Fox News brings us the details:
Researchers led by Paulus de Jong at the Netherlands Institute for Neuroscience and Academic Medical Center collected health and lifestyle information from nearly 4,700 people over age 65. The study included Norwegian, Estonian, British, French, Italian, Greek and Spanish seniors.
Of the 839 people who took aspirin each day, 36 had an advanced form of the disease called wet macular degeneration — or about four out of every 100 daily aspirin users.
In comparison, roughly two out of every 100 people who took aspirin less frequently had the same type of macular degeneration.
There are two types of macular degeneration, wet and dry. They are the leading cause of vision loss in the over-60 set. The wet form noted in the study produces impairment at the center of the eye’s field of vision due to the leakage of the blood vessels. The dry form is both less impairing and more widespread. Fox News also noted that aspirin seems to only effect the wet version of the disease, and only in the later stages.
It is important to note that none of the numbers show that aspirin causes vision loss, but it does seem to aggravate the situation. Many seniors take aspirin because of heart disease, and these new findings do not mean that they should stop.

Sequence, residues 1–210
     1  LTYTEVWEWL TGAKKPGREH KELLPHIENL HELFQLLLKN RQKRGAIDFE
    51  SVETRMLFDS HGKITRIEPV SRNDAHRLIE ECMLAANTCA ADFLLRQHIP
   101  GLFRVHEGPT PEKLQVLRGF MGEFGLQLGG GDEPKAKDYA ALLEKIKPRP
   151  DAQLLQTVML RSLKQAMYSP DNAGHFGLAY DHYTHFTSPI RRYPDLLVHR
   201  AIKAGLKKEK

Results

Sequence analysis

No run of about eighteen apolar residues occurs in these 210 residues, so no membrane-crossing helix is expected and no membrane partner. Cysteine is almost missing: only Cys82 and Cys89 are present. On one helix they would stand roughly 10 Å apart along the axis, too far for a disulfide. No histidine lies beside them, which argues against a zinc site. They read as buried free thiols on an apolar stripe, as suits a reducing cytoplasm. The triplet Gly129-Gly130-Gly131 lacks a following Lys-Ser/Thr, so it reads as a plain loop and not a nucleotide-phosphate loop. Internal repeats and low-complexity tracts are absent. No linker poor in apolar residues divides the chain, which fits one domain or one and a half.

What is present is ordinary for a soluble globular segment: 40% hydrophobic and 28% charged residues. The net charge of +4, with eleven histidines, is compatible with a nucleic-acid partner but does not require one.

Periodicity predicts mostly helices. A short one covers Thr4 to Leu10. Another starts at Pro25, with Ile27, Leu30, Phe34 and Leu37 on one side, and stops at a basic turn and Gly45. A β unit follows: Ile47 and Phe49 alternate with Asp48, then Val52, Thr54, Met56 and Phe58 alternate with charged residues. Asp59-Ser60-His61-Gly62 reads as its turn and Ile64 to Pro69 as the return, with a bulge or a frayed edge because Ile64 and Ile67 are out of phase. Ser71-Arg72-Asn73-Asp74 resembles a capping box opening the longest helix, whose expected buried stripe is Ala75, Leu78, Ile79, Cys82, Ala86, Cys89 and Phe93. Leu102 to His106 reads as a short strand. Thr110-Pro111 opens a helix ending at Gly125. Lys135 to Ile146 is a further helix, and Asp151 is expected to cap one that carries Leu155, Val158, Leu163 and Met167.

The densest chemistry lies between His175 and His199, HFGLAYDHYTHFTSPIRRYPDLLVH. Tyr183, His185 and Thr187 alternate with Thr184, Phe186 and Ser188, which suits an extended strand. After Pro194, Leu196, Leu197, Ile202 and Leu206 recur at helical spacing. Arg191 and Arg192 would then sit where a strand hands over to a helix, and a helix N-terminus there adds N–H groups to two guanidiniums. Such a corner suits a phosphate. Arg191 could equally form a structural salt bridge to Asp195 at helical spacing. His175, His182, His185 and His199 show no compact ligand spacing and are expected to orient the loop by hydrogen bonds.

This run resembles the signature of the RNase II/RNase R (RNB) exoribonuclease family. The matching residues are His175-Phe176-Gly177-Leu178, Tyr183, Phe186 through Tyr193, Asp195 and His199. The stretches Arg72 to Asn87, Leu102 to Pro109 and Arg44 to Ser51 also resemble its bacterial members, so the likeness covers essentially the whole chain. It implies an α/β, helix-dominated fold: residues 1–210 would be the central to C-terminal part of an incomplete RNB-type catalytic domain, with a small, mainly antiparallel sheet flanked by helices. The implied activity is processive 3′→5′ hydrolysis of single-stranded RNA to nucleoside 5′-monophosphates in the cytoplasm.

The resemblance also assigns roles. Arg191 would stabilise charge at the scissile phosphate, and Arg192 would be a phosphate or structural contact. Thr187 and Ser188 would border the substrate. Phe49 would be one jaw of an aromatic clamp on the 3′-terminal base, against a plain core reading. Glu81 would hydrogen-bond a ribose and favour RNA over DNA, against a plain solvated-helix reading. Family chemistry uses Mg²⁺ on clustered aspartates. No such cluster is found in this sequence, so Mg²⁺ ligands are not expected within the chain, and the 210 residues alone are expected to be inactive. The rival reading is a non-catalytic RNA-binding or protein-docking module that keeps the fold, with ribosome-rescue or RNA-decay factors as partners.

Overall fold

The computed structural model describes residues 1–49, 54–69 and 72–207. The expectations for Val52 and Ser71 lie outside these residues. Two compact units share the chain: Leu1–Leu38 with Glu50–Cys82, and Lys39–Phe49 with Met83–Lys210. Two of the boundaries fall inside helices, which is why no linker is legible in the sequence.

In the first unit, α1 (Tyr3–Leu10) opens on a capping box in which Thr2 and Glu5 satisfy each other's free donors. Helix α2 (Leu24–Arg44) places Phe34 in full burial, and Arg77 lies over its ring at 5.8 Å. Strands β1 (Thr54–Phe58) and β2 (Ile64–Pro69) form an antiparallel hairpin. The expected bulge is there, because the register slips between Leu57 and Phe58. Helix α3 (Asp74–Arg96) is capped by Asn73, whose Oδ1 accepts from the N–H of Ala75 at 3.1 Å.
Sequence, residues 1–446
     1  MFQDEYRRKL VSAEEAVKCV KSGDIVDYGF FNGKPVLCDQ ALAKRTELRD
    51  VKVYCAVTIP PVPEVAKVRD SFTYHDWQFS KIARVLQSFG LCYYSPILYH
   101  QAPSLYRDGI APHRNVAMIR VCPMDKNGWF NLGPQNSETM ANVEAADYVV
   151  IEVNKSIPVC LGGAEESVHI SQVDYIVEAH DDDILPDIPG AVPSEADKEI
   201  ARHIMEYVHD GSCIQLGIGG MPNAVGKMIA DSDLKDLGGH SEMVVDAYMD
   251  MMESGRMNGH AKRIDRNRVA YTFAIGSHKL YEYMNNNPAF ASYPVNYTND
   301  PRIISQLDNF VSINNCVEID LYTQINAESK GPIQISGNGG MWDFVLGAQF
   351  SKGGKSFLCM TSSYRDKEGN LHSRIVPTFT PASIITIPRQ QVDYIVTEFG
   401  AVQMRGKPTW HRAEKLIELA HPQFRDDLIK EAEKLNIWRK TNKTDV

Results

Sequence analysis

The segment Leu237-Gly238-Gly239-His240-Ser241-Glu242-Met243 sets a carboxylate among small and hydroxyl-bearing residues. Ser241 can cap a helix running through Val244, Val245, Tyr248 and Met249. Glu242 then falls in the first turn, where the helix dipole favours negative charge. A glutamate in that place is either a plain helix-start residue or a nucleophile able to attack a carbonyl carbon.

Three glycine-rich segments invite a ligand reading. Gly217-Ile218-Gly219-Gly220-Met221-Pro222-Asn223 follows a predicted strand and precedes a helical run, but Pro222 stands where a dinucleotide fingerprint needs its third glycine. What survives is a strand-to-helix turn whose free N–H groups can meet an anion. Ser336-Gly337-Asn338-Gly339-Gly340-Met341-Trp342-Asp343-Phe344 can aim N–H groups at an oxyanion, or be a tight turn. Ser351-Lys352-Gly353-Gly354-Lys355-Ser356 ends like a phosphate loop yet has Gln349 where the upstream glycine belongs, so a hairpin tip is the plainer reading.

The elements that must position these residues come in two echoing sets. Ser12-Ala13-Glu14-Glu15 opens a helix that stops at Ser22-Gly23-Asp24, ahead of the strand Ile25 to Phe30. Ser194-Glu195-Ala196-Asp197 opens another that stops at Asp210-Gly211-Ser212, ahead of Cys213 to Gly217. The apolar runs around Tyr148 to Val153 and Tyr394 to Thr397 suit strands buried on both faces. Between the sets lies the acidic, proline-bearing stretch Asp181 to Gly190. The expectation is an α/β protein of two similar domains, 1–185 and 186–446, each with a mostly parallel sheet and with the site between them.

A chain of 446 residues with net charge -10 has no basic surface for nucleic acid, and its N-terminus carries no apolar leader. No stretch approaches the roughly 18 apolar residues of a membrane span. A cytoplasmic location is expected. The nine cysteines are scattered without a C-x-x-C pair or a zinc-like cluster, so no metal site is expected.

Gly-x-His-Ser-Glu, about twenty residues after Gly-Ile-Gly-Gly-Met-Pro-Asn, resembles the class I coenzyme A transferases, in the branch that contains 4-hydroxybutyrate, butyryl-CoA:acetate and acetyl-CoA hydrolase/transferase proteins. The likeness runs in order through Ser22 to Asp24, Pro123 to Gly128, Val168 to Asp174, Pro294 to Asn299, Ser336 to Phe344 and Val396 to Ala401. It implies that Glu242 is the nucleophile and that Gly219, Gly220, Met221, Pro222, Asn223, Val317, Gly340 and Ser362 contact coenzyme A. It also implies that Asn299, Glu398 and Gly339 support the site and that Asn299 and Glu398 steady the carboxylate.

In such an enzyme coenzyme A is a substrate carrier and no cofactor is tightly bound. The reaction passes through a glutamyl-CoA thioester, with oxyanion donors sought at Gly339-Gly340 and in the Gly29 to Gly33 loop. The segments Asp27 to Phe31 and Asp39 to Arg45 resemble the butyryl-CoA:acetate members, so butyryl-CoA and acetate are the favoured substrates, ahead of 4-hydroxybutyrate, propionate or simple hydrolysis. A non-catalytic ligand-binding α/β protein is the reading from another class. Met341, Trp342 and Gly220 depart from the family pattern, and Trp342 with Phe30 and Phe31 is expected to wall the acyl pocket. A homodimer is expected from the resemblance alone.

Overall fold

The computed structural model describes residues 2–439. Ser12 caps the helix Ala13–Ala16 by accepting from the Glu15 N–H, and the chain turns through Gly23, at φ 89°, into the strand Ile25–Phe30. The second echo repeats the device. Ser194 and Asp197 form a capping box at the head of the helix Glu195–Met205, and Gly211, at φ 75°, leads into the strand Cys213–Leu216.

Stuff.co.nz asked Dr. de Jong about this. Here is his answer:
Paulus [de Jong at the Netherlands Institute for Neuroscience and Academic Medical Center] wrote in an email that his team ‘analyzed as meticulously as possible’ whether cardiovascular disease might have influenced the results, and still found that aspirin users — regardless of their heart health — are at a greater risk of the more serious type of vision loss.
Dr. de Jong did also point out that more extensive studies tracking aspirin use and visual acuity over time would be needed to truly determine the drug’s role in this deterioration — studies that would cover longer time spans and with more test subjects. He said:
While it’s a good idea to caution people that aspirin might have a deleterious role in macular degeneration, ‘a healthy eye with full visual capacities is of no use in a dead body,’ Paulus said.
In other words, for people with cardiovascular disease who take aspirin to prevent the condition from worsening, the benefits of the drug outweigh the risks to visual health.
It could be far worse. After all, there are numerous gadgets and devices to aid those with worsening vision, and while losing sight is hard, the alternative is worse.